10. Kuala Lumpur, Malaysia

Big & Small spent a month in Malaysia’s gleaming, bustling capital of Kuala Lumpur. Our intention here was not only to take in the city’s spicy food and melting-pot culture, but to be true “digital nomads,” i.e. save money and focus on our online work. But we found plenty of time to sit by the pool and explore the city as well. We visited the Petronas Towers and the national mosque, checked out traditional Malay dance, dodged monkeys at the Batu Caves, and caught plenty of whiffs of the world’s stinkiest fruit.

11. Montenegro

Montenegro boasts fewer than 700,000 residents, but welcomes more than 1 million tourists every year. This is because this small Balkan country has quite a lot to offer, from its rugged mountains to its narrow strip of beaches along the Adriatic coastline. Big & Small traveled through the country via bus and train. We walked the boardwalk of Bar, meandered our way through the old towns of Kotor and Budva, enjoyed fresh seafood and pomegranate juice, and visited the largest lake in the Balkans. But we also had a few disappointments along the way…

12. San Francisco, California, USA

This was our home base for several years, so we enjoyed being reintroduced to San Francisco’s many charms (even with its growing ills, too). The City by the Bay is now infamous for its outrageous prices, but it’s still a place full of things to see and do that require nothing but your curiosity.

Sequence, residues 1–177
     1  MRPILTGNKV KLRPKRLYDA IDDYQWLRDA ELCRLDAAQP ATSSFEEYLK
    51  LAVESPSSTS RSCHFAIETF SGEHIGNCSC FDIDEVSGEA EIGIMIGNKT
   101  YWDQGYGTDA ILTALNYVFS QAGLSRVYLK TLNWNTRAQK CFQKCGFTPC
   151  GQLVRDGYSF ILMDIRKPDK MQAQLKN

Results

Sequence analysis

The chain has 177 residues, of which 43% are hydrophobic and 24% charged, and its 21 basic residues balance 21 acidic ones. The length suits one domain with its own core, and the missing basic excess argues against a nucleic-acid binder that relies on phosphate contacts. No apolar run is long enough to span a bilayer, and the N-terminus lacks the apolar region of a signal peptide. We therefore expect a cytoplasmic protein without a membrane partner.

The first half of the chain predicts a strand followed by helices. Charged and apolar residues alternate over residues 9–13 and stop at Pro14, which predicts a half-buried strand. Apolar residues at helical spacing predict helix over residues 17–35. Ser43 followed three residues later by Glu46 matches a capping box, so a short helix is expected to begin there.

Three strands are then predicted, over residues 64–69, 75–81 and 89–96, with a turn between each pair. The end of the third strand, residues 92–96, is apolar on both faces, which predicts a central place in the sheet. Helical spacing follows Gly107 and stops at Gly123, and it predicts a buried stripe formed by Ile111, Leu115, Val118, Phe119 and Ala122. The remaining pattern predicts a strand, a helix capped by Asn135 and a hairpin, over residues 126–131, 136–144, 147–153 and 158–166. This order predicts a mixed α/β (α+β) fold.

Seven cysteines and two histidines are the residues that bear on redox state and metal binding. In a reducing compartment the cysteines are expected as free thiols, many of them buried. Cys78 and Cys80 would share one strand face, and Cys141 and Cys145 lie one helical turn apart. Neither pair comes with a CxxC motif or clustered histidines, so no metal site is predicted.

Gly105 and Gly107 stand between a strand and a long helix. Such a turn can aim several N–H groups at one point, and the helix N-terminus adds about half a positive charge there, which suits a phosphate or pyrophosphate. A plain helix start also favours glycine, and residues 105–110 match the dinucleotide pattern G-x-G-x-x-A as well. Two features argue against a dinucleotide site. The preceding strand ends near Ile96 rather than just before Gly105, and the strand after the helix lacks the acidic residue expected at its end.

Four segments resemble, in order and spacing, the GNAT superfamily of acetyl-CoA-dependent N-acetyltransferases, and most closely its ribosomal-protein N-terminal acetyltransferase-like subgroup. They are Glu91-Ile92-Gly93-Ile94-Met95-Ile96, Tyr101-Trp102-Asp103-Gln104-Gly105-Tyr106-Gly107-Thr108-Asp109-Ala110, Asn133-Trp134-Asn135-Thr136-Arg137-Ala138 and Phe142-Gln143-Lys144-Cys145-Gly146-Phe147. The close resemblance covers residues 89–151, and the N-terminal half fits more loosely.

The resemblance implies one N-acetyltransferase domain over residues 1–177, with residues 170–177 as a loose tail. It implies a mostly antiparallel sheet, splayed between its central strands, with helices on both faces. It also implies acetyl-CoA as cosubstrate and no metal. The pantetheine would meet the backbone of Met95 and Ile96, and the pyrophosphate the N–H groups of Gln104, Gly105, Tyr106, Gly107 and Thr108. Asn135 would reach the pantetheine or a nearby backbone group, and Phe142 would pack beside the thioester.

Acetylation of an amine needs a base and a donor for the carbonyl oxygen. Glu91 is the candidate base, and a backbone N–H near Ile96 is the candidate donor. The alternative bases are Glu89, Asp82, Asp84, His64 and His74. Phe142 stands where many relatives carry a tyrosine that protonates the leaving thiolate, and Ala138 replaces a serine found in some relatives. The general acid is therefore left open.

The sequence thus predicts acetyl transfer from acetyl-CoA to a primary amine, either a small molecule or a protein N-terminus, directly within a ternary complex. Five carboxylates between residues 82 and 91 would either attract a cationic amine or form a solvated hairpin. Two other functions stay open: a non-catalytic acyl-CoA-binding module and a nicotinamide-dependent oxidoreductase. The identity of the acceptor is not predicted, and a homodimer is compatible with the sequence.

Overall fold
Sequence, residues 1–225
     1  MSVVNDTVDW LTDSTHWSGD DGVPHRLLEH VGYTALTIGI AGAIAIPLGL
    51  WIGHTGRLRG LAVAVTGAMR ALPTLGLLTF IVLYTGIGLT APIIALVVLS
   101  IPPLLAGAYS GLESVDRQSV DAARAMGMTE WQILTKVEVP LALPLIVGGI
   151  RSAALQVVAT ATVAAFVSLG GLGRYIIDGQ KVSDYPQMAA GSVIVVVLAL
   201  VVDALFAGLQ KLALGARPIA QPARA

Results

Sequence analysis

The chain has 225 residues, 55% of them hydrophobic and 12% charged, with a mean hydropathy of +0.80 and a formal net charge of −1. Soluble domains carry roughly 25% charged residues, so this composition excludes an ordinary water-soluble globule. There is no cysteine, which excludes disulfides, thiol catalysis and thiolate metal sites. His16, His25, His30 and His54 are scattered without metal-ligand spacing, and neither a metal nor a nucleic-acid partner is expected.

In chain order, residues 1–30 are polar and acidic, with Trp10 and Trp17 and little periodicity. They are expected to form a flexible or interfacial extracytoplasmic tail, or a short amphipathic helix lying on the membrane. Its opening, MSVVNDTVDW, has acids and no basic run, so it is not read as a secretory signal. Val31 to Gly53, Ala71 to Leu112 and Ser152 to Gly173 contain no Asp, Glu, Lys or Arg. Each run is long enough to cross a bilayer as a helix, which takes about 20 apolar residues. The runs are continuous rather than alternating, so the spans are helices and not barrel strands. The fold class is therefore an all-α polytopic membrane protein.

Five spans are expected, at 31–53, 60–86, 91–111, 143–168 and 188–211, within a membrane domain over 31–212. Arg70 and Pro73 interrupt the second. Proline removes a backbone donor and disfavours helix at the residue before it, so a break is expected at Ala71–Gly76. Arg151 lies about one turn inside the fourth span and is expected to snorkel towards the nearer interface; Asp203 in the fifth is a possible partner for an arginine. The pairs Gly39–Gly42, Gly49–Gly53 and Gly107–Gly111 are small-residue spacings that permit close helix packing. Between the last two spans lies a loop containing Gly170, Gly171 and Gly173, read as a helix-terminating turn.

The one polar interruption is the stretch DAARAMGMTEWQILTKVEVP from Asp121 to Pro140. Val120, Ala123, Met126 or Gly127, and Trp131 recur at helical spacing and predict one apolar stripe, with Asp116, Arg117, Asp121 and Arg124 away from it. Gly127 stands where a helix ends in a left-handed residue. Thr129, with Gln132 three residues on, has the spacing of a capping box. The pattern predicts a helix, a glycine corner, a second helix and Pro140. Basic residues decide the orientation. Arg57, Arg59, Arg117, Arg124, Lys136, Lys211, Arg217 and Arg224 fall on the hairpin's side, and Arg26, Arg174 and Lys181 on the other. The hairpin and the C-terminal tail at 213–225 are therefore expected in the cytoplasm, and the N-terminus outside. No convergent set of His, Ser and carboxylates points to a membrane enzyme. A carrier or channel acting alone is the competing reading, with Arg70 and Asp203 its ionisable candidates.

The Best Way to See Puglia, Italy: On a Scooter!

Big & Small traveled to the southern Italian region of Puglia to see if we could pull off the unthinkable—getting around without a car. Now, most people will tell you it’s damn near impossible to see this region without a good set of four wheels, but we like to prove most people wrong. We also hate driving.

So, we made our way to scenic beach towns via buses and bustling inland cities via trains. But to really get a sense of the charming, quiet countryside and stunning undeveloped coastline, we opted to try out Italy’s most beloved mode of transport—the scooter!

Enjoy our video above, and keep reading below for more info on all of the towns we visited on our epic scooter trip through Puglia, Italy.

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How to Do the Amalfi Coast in Italy on a Budget